Other than that, I've started reading through digital marketing blogs like to learn about other aspects of digital presence.

Tuesday, August 12, 2014

Royal Embassy of Saudi Arabia Reception

I spent this past Friday evening at an event organized by the International Club of D.C. at the Royal Embassy of Saudi Arabia. The evening was organized this way: Non-alcoholic cocktail quarter-hour, Video Presentation, Q&A, Fashion Show and Dinner. I arrived a little late, so I had to grab my unspiked orange juice and head directly into the FDR/Abdulaziz Room. This small auditorium is dedicated to the meeting between Ibn Saud (Abdulaziz)--the first King of modern Saudi Arabia--and Franklin Delano Roosevelt on February 14, 1945 aboard the USS Quincy in the Great Bitter Lake of the Suez Canal.
Photo of Meeting between FDR and King Abdulaziz Feb. 14, 1945
It's fitting since this was the beginning of official diplomatic relations between the two countries. The video presentation had a bit of a propagandist feel to it, but wasn't worse than anything I've seen the U.S. produce. It covered a brief history of the Arabian Peninsula, Islam, culture, economy (including recent diversification) and modernization of the country. The city we are headed to, Jeddah, is very close to Mecca and the road between the two cities used to be one of the only paved highways in Saudi Arabia. (Jeddah is on the coast and a port city for the annual Hajj). Anyway, it gave me a warm fuzzy feeling about moving the KSA.


Sunday, August 03, 2014

Monuments Men Day Trip to Bruges and Ghent

If you have an extra day in Brussels, Belgium and want to see some famous works of art, might I interest you in what I call "The Momuments Men" day trip option to Bruges (aka Brugge) and Ghent (aka Gent)? If you're not familiar with The Monuments Men movie, it's loosely based on a WWII mission to protect the treasures of the Western world from the Nazis. It also happens that both cities are within an hour's train ride from Gare du Nord on the same train route from Brussels. 
The Lamb of God: Van Eyck's Ghent Altar Piece
My plane landed in Brussels around 7am. I took the airport train into the city and dropped my bags at the hotel (and printed a map), and was leaving Brussels Gare du Nord (North Station) on my way to Brugge by 8:47. The train was nearly empty when I boarded but was totally full leaving Brussels Zuid (South Station). Not much compares to

Thursday, July 31, 2014

Traveling with Kids: Child Carriers

We travel with our kids almost everywhere we go, but there are times that child carriers are better suited to the activity than strollers. It seems like there are so many kinds of carriers out there, which one do you choose? Well, here are the ones we've been pleased with the "field test results" over the last 5 years on our international travels and family vacations.


Thursday, July 17, 2014

Salmon Fishing on Lake Huron

Did you know that you can catch Chinook Salmon on Lake Huron? Moe at Screamin' Reels was referred to us as being a guy who could find fish, and that's just the kind of guy we were looking for. He did such a great job that we'll probably look him up again the next time we go to the Manitoulin Island.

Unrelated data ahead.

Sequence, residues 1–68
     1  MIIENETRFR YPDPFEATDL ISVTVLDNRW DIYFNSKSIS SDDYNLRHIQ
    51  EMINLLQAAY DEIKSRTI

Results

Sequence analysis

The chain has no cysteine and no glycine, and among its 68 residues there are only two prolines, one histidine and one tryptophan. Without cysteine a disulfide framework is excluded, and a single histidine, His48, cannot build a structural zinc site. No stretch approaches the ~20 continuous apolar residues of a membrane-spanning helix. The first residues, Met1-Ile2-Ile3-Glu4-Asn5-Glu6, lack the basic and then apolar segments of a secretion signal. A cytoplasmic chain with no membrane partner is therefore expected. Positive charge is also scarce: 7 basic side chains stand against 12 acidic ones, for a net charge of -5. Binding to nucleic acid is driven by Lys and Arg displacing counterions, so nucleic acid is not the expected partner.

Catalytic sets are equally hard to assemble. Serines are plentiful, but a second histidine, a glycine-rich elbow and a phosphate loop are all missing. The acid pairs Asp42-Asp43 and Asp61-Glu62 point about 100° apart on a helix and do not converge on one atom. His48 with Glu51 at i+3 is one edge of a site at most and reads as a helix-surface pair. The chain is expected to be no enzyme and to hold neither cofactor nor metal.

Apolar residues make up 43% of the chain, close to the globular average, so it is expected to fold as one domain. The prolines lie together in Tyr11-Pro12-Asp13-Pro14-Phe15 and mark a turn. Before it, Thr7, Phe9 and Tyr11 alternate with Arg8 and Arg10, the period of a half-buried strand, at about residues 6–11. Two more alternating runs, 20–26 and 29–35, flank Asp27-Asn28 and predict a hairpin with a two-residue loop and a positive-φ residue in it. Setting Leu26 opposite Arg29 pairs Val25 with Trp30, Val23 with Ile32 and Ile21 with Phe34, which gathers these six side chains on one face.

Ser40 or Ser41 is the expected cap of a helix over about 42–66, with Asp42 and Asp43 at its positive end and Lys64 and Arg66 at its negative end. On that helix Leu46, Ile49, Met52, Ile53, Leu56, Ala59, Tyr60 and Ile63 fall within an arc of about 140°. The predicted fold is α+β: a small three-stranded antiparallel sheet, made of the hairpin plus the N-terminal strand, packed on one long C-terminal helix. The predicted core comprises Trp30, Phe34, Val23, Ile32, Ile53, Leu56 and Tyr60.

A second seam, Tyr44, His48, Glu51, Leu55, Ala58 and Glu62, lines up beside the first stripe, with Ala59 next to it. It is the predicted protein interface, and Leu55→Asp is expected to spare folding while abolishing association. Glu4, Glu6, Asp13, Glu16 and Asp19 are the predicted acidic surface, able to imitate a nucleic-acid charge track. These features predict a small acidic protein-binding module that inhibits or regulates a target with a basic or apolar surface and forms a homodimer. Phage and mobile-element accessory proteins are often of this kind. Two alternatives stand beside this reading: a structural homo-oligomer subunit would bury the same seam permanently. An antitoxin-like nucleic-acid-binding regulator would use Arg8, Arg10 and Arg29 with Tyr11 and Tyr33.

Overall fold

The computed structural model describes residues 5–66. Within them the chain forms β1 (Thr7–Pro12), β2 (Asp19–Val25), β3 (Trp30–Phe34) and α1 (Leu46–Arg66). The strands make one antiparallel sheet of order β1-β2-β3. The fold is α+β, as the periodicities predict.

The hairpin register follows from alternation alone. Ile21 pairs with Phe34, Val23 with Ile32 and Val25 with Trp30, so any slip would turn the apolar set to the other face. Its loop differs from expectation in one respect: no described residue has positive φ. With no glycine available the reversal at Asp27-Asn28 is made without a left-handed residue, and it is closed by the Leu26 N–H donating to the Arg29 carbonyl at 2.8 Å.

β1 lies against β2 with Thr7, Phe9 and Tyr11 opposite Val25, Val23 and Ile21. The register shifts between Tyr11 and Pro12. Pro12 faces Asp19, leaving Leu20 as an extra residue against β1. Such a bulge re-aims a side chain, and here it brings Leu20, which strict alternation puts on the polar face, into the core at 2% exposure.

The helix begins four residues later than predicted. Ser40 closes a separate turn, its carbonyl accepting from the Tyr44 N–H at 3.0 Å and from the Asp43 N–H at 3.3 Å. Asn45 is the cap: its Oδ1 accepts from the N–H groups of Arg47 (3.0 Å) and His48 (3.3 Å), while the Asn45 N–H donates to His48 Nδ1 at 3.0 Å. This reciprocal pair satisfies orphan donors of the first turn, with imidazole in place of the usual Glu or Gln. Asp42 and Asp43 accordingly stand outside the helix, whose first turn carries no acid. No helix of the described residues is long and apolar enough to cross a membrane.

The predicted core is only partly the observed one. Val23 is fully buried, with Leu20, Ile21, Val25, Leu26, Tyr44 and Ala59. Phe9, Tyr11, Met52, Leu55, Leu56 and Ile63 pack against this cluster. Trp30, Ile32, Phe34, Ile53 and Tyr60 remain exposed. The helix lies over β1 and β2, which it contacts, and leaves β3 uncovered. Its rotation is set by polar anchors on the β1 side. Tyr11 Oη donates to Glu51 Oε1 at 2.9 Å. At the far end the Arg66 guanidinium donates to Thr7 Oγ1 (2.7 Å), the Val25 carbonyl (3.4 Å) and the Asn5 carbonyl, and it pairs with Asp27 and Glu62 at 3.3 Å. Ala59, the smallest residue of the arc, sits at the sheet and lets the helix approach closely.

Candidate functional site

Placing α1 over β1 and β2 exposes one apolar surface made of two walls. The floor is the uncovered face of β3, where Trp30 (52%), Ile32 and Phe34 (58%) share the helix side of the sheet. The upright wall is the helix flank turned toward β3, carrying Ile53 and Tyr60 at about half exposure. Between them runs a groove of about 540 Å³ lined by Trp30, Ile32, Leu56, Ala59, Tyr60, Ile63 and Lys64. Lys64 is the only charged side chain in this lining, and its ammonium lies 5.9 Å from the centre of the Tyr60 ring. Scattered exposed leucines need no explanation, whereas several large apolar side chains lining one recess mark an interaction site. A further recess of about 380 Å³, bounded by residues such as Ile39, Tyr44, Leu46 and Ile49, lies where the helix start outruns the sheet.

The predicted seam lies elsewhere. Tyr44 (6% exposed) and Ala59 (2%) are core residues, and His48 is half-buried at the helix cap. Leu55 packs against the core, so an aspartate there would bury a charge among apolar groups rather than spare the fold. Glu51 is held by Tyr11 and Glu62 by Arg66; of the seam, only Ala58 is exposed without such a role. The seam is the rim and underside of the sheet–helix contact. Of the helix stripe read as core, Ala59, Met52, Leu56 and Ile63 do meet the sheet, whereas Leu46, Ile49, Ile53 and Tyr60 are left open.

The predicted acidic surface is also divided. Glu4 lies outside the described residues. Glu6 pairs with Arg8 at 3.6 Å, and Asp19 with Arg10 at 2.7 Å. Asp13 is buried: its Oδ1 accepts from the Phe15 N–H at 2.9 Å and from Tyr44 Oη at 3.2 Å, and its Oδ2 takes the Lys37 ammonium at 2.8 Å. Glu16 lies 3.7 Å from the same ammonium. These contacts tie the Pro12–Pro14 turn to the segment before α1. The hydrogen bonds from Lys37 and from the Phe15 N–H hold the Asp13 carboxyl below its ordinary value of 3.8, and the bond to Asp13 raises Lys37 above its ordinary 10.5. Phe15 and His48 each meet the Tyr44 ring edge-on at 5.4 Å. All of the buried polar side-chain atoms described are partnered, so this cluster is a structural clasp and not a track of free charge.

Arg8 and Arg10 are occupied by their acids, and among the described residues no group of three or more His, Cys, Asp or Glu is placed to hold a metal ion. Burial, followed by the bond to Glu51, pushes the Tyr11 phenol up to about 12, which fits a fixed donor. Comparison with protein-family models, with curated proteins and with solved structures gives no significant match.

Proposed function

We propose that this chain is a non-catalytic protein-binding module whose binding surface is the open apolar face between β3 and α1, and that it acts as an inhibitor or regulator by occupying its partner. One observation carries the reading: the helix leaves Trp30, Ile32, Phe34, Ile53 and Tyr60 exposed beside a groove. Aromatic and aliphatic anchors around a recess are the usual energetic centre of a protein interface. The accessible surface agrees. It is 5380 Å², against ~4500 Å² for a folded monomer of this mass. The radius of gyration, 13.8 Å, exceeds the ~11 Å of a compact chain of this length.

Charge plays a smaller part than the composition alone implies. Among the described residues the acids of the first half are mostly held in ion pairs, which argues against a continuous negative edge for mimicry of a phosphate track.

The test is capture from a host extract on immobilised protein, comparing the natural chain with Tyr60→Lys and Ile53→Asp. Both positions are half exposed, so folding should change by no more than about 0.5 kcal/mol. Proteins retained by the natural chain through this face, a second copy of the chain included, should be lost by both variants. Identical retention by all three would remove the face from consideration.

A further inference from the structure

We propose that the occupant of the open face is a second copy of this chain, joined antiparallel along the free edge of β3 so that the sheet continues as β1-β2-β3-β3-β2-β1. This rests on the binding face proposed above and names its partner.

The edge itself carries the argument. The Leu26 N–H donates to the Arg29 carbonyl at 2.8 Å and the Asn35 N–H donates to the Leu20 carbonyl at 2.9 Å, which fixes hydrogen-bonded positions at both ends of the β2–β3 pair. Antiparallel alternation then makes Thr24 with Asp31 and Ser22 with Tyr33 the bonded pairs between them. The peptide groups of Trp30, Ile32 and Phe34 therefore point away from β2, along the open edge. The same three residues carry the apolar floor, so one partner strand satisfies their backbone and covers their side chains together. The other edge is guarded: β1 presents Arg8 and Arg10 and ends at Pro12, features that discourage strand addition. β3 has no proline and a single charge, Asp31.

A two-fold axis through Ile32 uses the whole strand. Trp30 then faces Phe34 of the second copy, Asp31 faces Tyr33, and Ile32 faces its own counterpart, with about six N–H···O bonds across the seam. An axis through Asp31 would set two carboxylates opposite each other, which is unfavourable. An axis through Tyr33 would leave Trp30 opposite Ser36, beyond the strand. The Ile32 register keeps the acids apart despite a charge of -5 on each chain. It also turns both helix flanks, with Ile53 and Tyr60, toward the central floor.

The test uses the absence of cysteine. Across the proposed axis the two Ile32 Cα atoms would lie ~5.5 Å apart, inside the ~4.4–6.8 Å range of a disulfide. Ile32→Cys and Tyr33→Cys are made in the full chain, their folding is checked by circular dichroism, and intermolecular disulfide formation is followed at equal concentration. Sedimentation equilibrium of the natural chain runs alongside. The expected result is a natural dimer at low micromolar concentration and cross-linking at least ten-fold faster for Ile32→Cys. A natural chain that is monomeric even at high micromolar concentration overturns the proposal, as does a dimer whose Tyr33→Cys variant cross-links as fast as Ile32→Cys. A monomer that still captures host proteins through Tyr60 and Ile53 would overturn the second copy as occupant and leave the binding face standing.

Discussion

You need a license to fish in Ontario, but we acquired our one-day fishing licenses the day before our fishing trip without incident. Well, that's not entirely true. The cashier at the outdoor store was having serious issues with her computer trying to reissue an Outdoor Card to a guy who had lost his. I'm not a fisherman, but there are all sorts of limits and restrictions out there to be aware of. Fortunately, we had Moe with us when we departed the docks around 4pm.
Headed out!
The boat was pretty decked out with an array that included 4 boards to take the lines wide and three or four down-riggers...but today we only caught the big fish below 200'.

Wednesday, July 16, 2014

Bridal Veil Falls and the Cup and Saucer Trail

Bridal Veil Falls
The Manitoulin Island has many natural playgrounds, but everytime we come up here we visit Bridal Veil Falls. Apparently, Atlantic salmon spawn in the pools below the falls. At least they avoid the poison ivy hiding on the trail. The falls are accessible by trail as well as from above. We almost always start at the falls and hike into town, as it's easier that way.

Cup and Saucer Trail
Several of us drove further out to the Cup and Saucer trail. Somewhere along the way, we took a wrong trail. Looking at the map below, I'm not sure we were ever actually on a trail until after we found ourselves looking up at the face of escarpment. If you didn't know, you're supposed to be looking out over it, like these photos show:

Monday, July 14, 2014

Meldrum Bay and Little Current

Meldrum Bay can be found on the Western end of the Manitoulin Island, and feels like standing at the end of the earth.

Our older daughter's favorite word at Meldrum Bay was "erosion".

We followed up our trip to the shoreline in Little Current doing a little rainy day shopping. Little Current is the first town you'll enter on the Manitoulin if you don't take the Chi-Chi-maun (Big Canoe) ferry. I wonder what they sell at these two places:

I picked up a loon at Turner's (the gift shop of choice on the island) to add to my trinket collection.

« Yesterday: Cottaging on Manitoulin Island - Tomorrow: Bridal Veil Falls and the Cup and Saucer Trail »

All Trips From Our Assignment to Washington, DC

All Trip Summaries


Sunday, July 13, 2014

Cottaging on Manitoulin Island